The conflict that opened up in the Militant in 1991 eventually led to breaking point. The “Majority”, no longer able to tolerate any form of internal debate, decided to expel the Opposition, starting with Ted Grant, the founder of the Tendency. This act put the final seal on the degeneration of the old Militant. From a healthy, vibrant Marxist Tendency, it had been transformed into a bureaucratic, sectarian and undemocratic outfit. The opposition started to draw a balance sheet of the whole experience and this document is part of that.

Forty years ago this month the Militant was launched. Its subsequent evolution has no parallel in the history of left groups in Britain or internationally. From a miniscule group with no resources, it became the most successful Trotskyist tendency in Britain since the founding of Trotsky’s Left Opposition. Unfortunately the majority of its leadership was to take an ultra-left turn that would eventually destroy it. Rob Sewell, who was part of the opposition to that turn, recounts what happened.

On the 40th anniversary of the publication of the first edition of the Militant (October 1964) Fred Weston interviewed Ted Grant, the key theoretician behind the whole project.

The resolution adopted by the International Pre-Conference of the Fourth International in April 1946, was permeated with the false perspective of the impending revolutionary crisis, the impossibility of a general economic recovery of capitalism and therefore it highlighted the excellent possibilities to develop the forces of the Fourth International. All this of course was false and eventually led to one crisis after another of the organization, and to its final collapse.

A comrade who was actively involved in building the Militant in the 1970s and 1980s recounts his experience, how he became disillusioned by the changes in the internal regime, how the tendency he had joined was transformed into something else. He now sees in In Defence of Marxism the genuine traditions of the Militant at its best.

We are publishing a 1945 article by Ted Grant’s which was a contribution to the discussion on the national question in Europe then taking place within the Fourth International. The IKD was the German section of the Fourth International, but some of its members had unfortunately drawn some very reactionary conclusions. Instead of the perspective of the socialist revolution they had been thrown back to the idea of the “national democratic” revolution. Ted explained the disastrous consequences this idea would have on the movement and went on to state the classical Marxist position on this question.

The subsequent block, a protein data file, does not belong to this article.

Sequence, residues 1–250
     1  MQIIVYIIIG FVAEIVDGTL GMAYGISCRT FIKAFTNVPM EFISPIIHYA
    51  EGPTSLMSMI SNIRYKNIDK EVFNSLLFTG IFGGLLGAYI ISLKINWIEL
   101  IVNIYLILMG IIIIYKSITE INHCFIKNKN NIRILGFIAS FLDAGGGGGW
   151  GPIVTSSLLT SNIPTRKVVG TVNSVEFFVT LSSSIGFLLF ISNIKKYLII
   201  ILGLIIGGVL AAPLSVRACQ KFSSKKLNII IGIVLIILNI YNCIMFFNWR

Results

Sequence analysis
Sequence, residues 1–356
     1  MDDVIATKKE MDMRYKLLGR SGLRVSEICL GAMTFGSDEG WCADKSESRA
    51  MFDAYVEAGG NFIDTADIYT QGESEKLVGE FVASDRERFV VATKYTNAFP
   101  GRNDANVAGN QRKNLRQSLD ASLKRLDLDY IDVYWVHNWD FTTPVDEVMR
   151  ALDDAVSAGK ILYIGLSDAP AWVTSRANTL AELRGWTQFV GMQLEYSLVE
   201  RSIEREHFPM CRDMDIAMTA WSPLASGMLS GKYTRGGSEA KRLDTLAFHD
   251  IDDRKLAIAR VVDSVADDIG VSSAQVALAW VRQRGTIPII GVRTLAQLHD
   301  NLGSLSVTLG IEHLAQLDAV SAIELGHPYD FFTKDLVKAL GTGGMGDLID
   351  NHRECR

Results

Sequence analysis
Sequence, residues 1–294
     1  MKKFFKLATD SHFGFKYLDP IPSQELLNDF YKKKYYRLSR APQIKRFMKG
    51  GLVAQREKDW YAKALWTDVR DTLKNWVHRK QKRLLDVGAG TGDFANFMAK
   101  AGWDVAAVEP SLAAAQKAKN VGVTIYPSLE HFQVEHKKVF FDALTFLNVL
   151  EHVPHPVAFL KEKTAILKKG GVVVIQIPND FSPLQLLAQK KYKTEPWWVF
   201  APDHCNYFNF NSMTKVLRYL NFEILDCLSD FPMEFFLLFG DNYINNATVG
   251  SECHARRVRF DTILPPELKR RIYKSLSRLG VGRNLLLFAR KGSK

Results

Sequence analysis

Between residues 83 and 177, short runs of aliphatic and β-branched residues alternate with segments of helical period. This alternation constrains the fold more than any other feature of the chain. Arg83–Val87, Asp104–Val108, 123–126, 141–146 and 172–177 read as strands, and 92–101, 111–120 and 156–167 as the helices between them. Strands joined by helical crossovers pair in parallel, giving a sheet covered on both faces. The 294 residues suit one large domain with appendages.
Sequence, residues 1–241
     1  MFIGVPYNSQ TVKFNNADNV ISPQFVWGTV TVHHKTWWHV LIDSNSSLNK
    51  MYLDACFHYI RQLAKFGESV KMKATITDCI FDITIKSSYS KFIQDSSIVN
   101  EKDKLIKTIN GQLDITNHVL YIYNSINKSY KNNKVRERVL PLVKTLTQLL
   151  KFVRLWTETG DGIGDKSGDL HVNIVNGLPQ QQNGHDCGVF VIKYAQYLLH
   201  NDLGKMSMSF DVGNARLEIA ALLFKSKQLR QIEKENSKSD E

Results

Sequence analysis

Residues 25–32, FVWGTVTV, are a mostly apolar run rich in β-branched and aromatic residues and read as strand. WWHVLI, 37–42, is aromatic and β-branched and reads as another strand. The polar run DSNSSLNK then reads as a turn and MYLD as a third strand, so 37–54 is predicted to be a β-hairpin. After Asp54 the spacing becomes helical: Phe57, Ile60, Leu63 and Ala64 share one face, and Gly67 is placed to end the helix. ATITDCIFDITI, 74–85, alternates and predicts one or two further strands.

In 1946 the leaders of the Fourth International were predicting imminent revolutonary upheavals, when in reality capitalism was entering the biggest boom in its history. The leadership of the British Trotskyists, in particular Ted Grant, tried to convince the International that their perspective was false. History has proven Ted to be right. No one can doubt it, and we are proud to continue the tradition that he laid down of serious, meticulous analysis of the real processes taking place in society.

In 1946 the perspectives of the then leadership of the Fourth International were that through “the combined economic, political and diplomatic pressure and the military threats of American and British imperialism” the Stalinist regime in the Soviet Union could collapse. The complete opposite was the truth. Ted Grant, together with the leadership of the RCP, attempted to correct this mistaken prognosis. Here we provide the historical 1946 documentation.